Led by individual champion Kyla Roy, Arizona State won a fourth consecutive USA Triathlon Women’s Collegiate National Championship in November at Tempe Town Lake, establishing the Sun Devils as an emerging force in an emerging sport.

Now, the Sun Devils hope to become a permanent fixture in a permanent sport.

ASU has won the event in all four years of the program’s existence under coach Cliff English, and this year’s title capped a season that included first-place finishes in all three regional qualifiers that the Sun Devils entered, including two in which they swept the three individual podium spots.

The Sun Devils claimed the individual gold and silver medals at the nationals with Audrey Ernst finishing second to Roy over the 750-meter swim, 20-kilometer bike and 5-kilometer run course.

But ASU has an even bigger goal in mind. The Sun Devils are leading the effort to make triathlon a sanctioned NCAA championship sport.

“We really feel being one of the larger schools, it’s sort of our duty, our responsibility, to help promote the sport,” English said.

Varsity triathlon is classified as an emerging sport for women by the NCAA Committee on Women’s Athletics, which means the NCAA recognizes the sport as a way to provide more athletic opportunities to female athletes and to help the sport achieve NCAA championship sport status.

However, 40 Division I or Division II schools must have varsity programs for the NCAA to recognize a team or individual sport as a sanctioned NCAA Championship sport. There are currently 34 programs, according to USA Triathlon, the governing body of the sport.

Once on the list of emerging sports for women, a sport has 10 years to reach championship status or show significant progress toward it. Several sports, such as beach volleyball, have gone on to achieve championship status. Others that did not grow quickly enough have been removed from the emerging sport list.

In 2015, the USA Triathlon Foundation awarded Arizona State and seven other schools with the inaugural Women’s Triathlon Emerging Sport Grant. It put ASU, along with USAT, at the forefront of the effort to establish triathlon as a permanent NCAA sport.

The Sun Devils have been busy trying to build the sport, while also dominating it, ever since.

“That’s been anything from going to conferences to (make presentations), to getting on the phone with the school,” English said. “We’ve actually had school’s come and visit us for half a day, showing them how we have everything set up, showing them the facilities.”

Tim Yount, USA Triathlon’s chief sport development officer, said there are 34 programs in the fold and he is recruiting athletes to participate in the sport while trying to convince more schools to add the triathlon.

“We’re reaching out to athletes, triathletes, single-sport athletes – swim, bike, run – and other sports to say ‘Hey, have you thought about maybe (competing in college in) a sport that has not been around that long at the collegiate level?’” Yount said.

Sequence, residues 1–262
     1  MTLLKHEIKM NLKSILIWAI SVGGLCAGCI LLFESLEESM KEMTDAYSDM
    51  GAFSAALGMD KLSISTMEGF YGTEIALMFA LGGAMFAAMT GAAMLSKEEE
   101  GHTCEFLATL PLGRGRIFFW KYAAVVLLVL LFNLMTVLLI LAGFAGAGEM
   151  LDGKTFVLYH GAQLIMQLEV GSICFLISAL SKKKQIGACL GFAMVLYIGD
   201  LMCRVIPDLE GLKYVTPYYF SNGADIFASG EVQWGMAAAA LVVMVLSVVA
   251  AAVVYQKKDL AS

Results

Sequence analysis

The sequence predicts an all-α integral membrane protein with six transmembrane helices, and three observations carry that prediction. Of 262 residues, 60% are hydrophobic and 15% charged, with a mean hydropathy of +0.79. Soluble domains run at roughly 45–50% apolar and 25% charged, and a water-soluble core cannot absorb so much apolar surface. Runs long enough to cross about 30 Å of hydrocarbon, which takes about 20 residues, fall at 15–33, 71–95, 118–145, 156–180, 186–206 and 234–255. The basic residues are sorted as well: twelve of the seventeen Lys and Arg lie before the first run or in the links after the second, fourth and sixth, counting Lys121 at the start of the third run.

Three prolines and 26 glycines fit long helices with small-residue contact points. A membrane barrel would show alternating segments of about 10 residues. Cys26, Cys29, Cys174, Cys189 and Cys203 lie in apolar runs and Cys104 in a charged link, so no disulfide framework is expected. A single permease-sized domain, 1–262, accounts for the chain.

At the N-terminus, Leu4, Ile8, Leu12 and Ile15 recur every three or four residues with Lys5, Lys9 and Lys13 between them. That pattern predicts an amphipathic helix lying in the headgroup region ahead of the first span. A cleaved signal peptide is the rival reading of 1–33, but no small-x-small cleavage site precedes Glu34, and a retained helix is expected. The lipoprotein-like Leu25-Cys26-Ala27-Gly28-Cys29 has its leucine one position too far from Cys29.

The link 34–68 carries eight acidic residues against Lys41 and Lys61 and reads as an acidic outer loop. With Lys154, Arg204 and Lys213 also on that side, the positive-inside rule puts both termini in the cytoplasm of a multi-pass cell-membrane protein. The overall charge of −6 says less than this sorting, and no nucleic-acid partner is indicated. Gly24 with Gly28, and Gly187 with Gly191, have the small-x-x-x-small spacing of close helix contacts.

Holding combines is one tactic USA Triathlon is using to promote the sport and identify potential triathletes. The combines give new institutions a chance to see what the sport is all about while helping existing programs identify athletes who might want to attend their school.

“What we’re doing is creating combines where you’re tested in a 1,600-meter run, 100-meter swim,” Yount said. “They are in locations that are near where we have institutions so that those institutions don’t have to go that far to find talent.”

Triathletes bring more to the table than athletic ability. Yount said potential academic success is a big selling point for schools considering the sport. He said college triathletes have an average grade point average of 3.5.

“Not only is their GPA really high, but many of them choose STEM (science, technology, engineering and math) fields. They’re not just there to show up for class,” said ASU assistant coach Nicole Welling. “They’re really involved in whatever it is that they’re doing, like lots of them get internships over the summer. You’re not just adding student athletes, you’re adding leaders and role models, and these young ladies are the whole package.”

ASU has been the host school for the USA Triathlon Collegiate National Championship the last three years at Tempe Town Lake, which is one of the country’s premiere triathlon venues because it provides a flat, fast course with a lot of spectator access. Hosting the event benefits ASU’s program and the sport by exposing it to people who may not be familiar with triathlon.

“Having national championships here in Tempe is really helpful because people can actually come out and watch it, and so it’s a lot easier to get our community engaged,” Welling said. “That helps raise awareness because we’re so centrally located and it’s a really public area. So people kind of see what’s going on and they’re like ‘Oh, wow! I didn’t know triathlon was NCAA.’”

Yount said that once there are 36 to 37 schools with varsity triathlon, the process toward NCAA championship status will move even faster. USA Triathlon officials hope to get to 40 schools by next year, which will start the next stage.

According to Yount, that includes the NCAA taking over management and control of the national championship and establishing official NCAA rules and standards for the sport.

“Once we make that mark it just validates everything,” English said. “You know, we’re here. We’ve arrived. We’re on the path. So, it’s really exciting.”


Story by Madisen Carter, Cronkite News